Mobile, adaptive connectivity is name of the game with Desktop eXperience Station

Harry Alkema and Gary Bauer
February 27, 2018
By Harry Alkema and Gary Bauer
When you plug your Samsung S8, S8+ or Note8 into the DeX station, your phone goes dark and all the ‘already running’ apps on the phone are presented on the connected monitor.
When you plug your Samsung S8, S8+ or Note8 into the DeX station, your phone goes dark and all the ‘already running’ apps on the phone are presented on the connected monitor. Photo: Darta Fleet Solutions
What if your officers could use one single computing device to access all their law enforcement applications and data? It’s a vision shared by many CIOs (chief information officers) and IT directors in the policing world.

To do this, you would need:

• Officers to be able to use a mobile device on the street and at crime scenes, in their vehicles, and in the station or detachment.
• 2Factor PKI (public key infrastructure) authentication for S/MIME (secure/multipurpose Internet mail extensions) encrypted email, secure browser access to your Ministry of Transportation portal, the Sex Offender Registry (SOR), Major Case Management, various police web apps, and for access to CPIC (Canadian Police Information Centre), Records & CAD (computer-aided dispatch).
• A Virtual Desktop Interface (VDI) for connectivity back to a Windows desktop for any legacy Windows applications.
• Native productivity apps, like O365 and weather, traffic, etc.

This is where the Samsung Desktop eXperience (DeX) Station could come in.

When you plug your Samsung S8, S8+ or Note8 into the DeX station, your phone goes dark and all the ‘already running’ apps on the phone are now presented on the connected monitor. This monitor could be 12.1 inches in the squad car or 21-plus inches on your desktop.

Now you have a full keyboard and trackpad/mouse for report composition and data entry — a much richer user experience than composing a 1,000-word report with two thumbs.

With a couple of USB ports on board, and an automotive or desktop USB hub, DeX can now connect you to peripherals like driver license scanners and thermal or laser printers.

The key here is a seamless transition from a crime scene (a victim’s residence, for example) to the police car, where you can complete your notes, clear the call, update your CAD status as available and proceed to your next assigned call.

At the end of your shift, you can take the phone out of the phone dock, leave the vehicle and get into the station, where you can again plug in your phone to a DeX station and close out any remaining tasks/reports before you book off and put your phone back into your pocket.

Darta Fleet Solutions has built a “concept police car” around a DeX, and notes it runs at about half the price of a traditional computer upfit with MDT/mount/modem/wiring harness etc. (It’s about two-thirds of the price of the upfit if printers and scanners are included.) The car has a 12.1-inch mil spec monitor — with 1500 nits or more for sunlight readability — and a temperature range from -40 to +85 degrees Celsius.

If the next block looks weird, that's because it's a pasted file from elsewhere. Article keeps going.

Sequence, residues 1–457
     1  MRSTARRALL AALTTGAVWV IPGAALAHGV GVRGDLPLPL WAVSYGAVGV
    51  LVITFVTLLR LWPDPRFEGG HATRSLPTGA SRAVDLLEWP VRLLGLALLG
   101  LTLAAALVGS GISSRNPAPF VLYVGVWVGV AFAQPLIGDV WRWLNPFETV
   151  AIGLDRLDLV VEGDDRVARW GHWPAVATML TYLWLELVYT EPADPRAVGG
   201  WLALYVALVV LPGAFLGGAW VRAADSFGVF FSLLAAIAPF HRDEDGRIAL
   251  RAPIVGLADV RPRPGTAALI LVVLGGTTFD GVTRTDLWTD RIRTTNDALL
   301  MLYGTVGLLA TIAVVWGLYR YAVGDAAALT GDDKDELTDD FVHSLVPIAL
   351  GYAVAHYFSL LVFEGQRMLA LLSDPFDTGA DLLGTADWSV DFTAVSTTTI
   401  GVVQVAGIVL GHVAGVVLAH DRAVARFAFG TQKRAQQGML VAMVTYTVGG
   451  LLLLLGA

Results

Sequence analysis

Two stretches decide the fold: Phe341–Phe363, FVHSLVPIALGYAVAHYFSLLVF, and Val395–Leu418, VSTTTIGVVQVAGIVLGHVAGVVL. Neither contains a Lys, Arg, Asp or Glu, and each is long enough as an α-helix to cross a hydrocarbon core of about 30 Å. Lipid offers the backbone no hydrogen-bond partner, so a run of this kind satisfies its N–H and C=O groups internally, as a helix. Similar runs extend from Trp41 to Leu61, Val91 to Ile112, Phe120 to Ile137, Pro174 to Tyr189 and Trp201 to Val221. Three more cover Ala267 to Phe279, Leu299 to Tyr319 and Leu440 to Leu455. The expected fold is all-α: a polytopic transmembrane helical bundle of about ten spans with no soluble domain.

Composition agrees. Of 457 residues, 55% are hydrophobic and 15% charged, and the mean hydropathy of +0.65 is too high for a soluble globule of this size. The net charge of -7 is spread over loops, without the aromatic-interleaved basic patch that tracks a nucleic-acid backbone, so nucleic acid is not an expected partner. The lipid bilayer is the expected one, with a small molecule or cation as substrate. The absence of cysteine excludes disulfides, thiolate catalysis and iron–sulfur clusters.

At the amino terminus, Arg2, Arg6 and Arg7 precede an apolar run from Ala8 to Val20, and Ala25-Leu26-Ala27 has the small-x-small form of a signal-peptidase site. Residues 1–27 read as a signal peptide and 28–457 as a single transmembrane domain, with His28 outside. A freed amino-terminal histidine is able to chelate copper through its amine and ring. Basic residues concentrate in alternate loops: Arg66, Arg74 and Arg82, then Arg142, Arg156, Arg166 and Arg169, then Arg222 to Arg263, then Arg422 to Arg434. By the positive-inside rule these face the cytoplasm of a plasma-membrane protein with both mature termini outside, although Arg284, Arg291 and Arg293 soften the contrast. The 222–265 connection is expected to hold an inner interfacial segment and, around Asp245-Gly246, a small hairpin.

Add in a thermal printer, DL Scanner, ruggedized keyboard with trackpad, a USB automotive hub, and a phone cradle that will hold your S8/S8+ or Note8 in various ruggedized cases like the OtterBox or LifeProof, etc. Now tie all these pieces together with a DeX, and that lets you remove the computer from the car and cut out any trunk-based modem and dedicated wiring harness. In the station, imagine removing the computers and just keeping the keyboard/mouse/monitor and ethernet connection (to use the office network instead of your LTE data).

There are real benefits to a homogeneous family of devices; it’s possible to move any phone (plus its case) into any vehicle or desktop station.

The smartphone itself has secure email, calendar and contacts, and it can make and receive phone calls. The first of many native RMS (MPANiche from Mobile Innovations, for example) and CAD (Mobile Responder from Hexagon, as another example) apps are available on smartphones and there are native Office productivity apps: Word, Excel, PowerPoint, etc. However, there are not yet enough native apps to perform all of your duties without a Windows computer and that’s where a Virtual Desktop Interface (VDI) fills the rest of the bill.

VDI over LTE is just fine, and though it’s not enough on the phone, once that phone is connected to a fullscreen monitor and keyboard, that VDI session is not much different than that on a Windows desktop, except that it takes place at a fraction of the capital and ongoing maintenance cost.

There are still issues with pass-through of tokens and PKI Certs to that virtual desktop but various vendors are working on solving these problems, thereby enabling this vision instead of remaining among the last roadblocks.

The just released “Gartner Predicts 2017 Mobile Apps and Their Development” report forecasts that by 2022, 70 per cent of all software interactions in the enterprise will occur on mobile devices. Ensuring that officers can be productive on the move — not tethered to their desktop or reliant on paper-based processes — needs to be a focus for all agencies in 2018.


Harry Alkema is responsible for business solutions at Darta Fleet Solutions, based in Bolton, Ont. Contact him at This e-mail address is being protected from spambots. You need JavaScript enabled to view it or at 905-951-1940.

Gary Bauer is the CEO and founder of Mobile Innovations, a privately held company specializing in mobile computing, based in Niagara Falls, Ont.

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